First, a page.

Land, food and people: lessons from the Isle of Man

By Jane Powell

Bees hover over marigolds, cornflowers and yarrow in full bloom around the edges of a field of beans which stand blackened and dry, ready for harvest. Beyond, the land slopes down to the valley bottom, where small herds of South Devon cattle are grazing the species-rich wetland meadows. Hedgerows abundant with blackberries, hawthorn and guelder rose divide Guilcagh farm up into small parcels, where Jo Crellin also grows wheat for milling and hay for the horses of the nearby riding school. This is the Isle of Man, where the sunny low-lying northern tip, in the rain shadow of Snaefell, is well suited to cereal cultivation.

We’re on a walk organized by the Farming and Wildlife Advisory Group, and the co-existence of food production and nature is certainly a strong theme of the discussion. There is also a historical dimension: archaeological evidence suggests that people were growing wheat here  almost 6000 years ago. But it’s not just about a timeless rural idyll. Back at the farm, Paul Fletcher, owner of the cows we admired earlier and the new Chair of the Island’s Agricultural Marketing Society, explains his vision for a food chain that connects people to the land not just through the food they eat, but also through knowledge and understanding.

“We want to see personal connections up and down the food chain,” Paul says. “Retailers, food businesses and farmers need to meet so that they understand each other’s work and build trust in the food system. When you buy produce from Manx farms you become part of a unity of people and nature, and we want to make that easier for people to understand.”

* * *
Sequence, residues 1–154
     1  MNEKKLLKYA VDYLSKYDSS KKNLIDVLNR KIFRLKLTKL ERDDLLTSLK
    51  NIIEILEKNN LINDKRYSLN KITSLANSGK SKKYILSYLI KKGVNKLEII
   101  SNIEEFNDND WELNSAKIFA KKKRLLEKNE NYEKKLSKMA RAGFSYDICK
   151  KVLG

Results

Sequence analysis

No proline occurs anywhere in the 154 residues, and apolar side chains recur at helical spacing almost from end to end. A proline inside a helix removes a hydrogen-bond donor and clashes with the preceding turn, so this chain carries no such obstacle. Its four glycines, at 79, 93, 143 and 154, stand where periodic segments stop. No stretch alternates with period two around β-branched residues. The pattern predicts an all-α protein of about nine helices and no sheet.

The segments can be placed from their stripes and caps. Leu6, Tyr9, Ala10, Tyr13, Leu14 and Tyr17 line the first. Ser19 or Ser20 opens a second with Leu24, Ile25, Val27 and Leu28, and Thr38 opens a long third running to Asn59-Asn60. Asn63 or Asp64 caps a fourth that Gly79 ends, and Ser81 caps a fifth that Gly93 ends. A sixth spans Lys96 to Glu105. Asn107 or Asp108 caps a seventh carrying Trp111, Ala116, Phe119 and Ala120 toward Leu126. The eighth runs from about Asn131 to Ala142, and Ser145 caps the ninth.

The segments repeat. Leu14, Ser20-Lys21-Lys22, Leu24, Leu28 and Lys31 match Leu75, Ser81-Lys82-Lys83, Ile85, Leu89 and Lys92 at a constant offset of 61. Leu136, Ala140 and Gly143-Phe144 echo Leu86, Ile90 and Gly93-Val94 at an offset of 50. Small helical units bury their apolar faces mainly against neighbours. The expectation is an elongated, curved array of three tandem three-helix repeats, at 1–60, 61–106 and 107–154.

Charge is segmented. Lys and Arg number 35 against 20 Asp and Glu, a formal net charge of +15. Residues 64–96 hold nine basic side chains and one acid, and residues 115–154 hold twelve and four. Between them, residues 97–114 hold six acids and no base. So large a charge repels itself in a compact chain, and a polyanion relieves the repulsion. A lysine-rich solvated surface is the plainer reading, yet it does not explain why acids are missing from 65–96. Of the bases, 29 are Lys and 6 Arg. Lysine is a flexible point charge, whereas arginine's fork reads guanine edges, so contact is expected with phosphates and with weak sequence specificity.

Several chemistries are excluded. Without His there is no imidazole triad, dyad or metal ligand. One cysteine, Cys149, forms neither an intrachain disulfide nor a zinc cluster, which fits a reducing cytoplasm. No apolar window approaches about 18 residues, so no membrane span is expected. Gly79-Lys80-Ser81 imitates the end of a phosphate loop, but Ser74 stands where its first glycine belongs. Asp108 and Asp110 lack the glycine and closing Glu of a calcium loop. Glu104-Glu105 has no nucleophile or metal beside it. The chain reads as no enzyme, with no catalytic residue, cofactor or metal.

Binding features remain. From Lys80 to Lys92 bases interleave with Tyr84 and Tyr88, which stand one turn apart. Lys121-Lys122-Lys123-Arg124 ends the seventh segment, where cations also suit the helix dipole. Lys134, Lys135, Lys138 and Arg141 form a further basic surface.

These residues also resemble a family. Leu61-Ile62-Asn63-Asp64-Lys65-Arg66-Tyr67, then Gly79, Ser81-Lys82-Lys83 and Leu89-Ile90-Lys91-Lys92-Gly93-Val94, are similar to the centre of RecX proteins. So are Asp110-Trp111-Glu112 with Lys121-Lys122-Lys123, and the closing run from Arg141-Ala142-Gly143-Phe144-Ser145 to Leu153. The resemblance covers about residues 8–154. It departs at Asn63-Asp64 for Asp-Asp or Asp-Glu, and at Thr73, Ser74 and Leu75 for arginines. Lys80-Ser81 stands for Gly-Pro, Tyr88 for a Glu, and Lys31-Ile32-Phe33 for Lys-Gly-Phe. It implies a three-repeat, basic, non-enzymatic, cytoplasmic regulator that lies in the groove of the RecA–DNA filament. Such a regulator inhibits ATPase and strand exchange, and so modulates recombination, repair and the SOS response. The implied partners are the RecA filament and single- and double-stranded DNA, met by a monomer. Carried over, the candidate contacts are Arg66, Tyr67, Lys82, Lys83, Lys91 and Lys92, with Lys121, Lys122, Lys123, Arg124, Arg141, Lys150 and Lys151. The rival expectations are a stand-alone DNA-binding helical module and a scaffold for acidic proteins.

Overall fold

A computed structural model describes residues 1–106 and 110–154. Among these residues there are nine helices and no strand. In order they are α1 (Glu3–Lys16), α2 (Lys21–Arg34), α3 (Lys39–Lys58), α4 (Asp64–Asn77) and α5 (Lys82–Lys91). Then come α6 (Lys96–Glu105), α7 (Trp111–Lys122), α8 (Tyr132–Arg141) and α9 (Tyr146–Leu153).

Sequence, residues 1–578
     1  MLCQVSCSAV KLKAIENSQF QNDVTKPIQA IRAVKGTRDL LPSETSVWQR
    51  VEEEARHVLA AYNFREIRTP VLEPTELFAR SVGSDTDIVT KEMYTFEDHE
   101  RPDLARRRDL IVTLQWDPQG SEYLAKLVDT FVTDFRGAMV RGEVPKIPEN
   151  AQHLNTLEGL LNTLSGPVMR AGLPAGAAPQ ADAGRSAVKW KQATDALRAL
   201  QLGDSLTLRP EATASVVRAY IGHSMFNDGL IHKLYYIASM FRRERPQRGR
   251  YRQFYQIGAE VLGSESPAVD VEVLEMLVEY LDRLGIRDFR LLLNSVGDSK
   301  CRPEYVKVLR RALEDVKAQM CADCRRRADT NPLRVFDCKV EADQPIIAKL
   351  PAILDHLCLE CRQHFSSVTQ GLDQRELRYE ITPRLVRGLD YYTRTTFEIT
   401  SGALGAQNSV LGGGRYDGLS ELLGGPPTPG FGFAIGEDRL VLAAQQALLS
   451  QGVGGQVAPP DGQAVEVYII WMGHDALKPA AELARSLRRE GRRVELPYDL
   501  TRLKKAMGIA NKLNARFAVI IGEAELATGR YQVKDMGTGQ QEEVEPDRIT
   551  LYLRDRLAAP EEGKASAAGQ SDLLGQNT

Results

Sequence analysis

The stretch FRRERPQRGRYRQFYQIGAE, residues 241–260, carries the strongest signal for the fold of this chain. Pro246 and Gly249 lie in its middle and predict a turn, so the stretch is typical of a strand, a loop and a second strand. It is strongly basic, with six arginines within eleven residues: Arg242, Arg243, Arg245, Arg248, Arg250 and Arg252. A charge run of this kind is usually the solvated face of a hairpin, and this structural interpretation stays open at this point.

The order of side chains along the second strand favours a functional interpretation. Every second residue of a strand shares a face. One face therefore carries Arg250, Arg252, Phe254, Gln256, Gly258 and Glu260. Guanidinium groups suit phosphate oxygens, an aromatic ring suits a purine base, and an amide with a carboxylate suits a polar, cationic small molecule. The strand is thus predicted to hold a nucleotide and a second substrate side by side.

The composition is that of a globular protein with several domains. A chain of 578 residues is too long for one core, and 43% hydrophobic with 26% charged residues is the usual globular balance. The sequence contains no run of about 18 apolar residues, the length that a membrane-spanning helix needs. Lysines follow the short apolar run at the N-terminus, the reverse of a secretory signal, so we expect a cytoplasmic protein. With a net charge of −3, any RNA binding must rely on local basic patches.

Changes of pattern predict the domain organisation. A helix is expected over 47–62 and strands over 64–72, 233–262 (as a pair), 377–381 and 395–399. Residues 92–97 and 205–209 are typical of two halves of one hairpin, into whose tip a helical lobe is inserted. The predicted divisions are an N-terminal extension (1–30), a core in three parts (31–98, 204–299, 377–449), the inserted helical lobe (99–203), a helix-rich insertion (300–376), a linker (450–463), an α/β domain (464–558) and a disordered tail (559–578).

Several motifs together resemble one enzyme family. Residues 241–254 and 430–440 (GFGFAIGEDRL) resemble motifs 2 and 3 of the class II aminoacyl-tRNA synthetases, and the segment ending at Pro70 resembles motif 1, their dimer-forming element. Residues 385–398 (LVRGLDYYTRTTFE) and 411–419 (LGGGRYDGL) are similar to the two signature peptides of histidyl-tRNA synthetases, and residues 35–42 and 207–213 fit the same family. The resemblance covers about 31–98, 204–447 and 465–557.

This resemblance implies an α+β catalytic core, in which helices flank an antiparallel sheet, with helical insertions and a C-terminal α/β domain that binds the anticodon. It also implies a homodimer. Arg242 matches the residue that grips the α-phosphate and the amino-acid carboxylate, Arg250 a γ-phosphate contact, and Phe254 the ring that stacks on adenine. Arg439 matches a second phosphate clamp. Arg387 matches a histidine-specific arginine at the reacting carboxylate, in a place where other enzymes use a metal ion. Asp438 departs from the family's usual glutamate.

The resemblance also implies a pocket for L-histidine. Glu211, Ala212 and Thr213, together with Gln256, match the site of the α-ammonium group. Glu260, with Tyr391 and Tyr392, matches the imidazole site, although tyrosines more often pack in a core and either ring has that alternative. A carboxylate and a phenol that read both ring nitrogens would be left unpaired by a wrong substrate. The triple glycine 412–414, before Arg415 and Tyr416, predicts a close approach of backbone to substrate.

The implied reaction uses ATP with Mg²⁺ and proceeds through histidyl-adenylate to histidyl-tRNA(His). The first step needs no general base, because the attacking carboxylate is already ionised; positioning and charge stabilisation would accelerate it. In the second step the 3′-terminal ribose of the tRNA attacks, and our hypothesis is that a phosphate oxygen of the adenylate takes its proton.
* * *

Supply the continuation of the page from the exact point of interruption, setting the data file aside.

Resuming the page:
It’s a familiar theme: the public has become disconnected from the land, and food has become a mere commodity to be traded like any other. Telling the story of food, by making the food chain visible and personal, doesn’t just secure the livelihoods of farmers and enrich the tourist experience; it can also help to reinvigorate a sense of community, place and belonging. This is a quality which it can be difficult to articulate, let alone assign a monetary value to, but which is readily conveyed in the context of farmers markets, school visits to farms and farm walks such as this.

genuine IoM meatEvery society has its own take on the story of its homegrown food. The Isle of Man has some defining characteristics which are unique to a small self-governing island with its own quirky fauna (it lacks badgers, foxes, moles and toads, but has a population of feral wallabies), and yet are instructive to us in Wales and beyond. At 32 miles long and 14 miles wide – which is one-third the size of Ceredigion, which it resembles with its rolling hills and fishing villages, but with a slightly bigger population – it corresponds roughly to the area covered by a market town and its hinterland, which is what many of us have in mind when we talk about ‘local’ food.

At the same time it has a national government with powers that Wales is still dreaming of, and it’s outside the EU, although in practice very tied to it by trading arrangements. That means for instance that it finances its own farming subsidies out of domestic taxation, it has fixed the retail price of home-produced milk at 60p a pint and it owns all the land over 200m. Meanwhile the obstacle of the Irish Sea, which is reckoned to add 20% to the cost of goods that are ferried across, is a powerful stimulus to local food production and contributes to the island’s diversified farming system, which supports a creamery, an abattoir and a flour mill, besides supplying eggs and vegetables.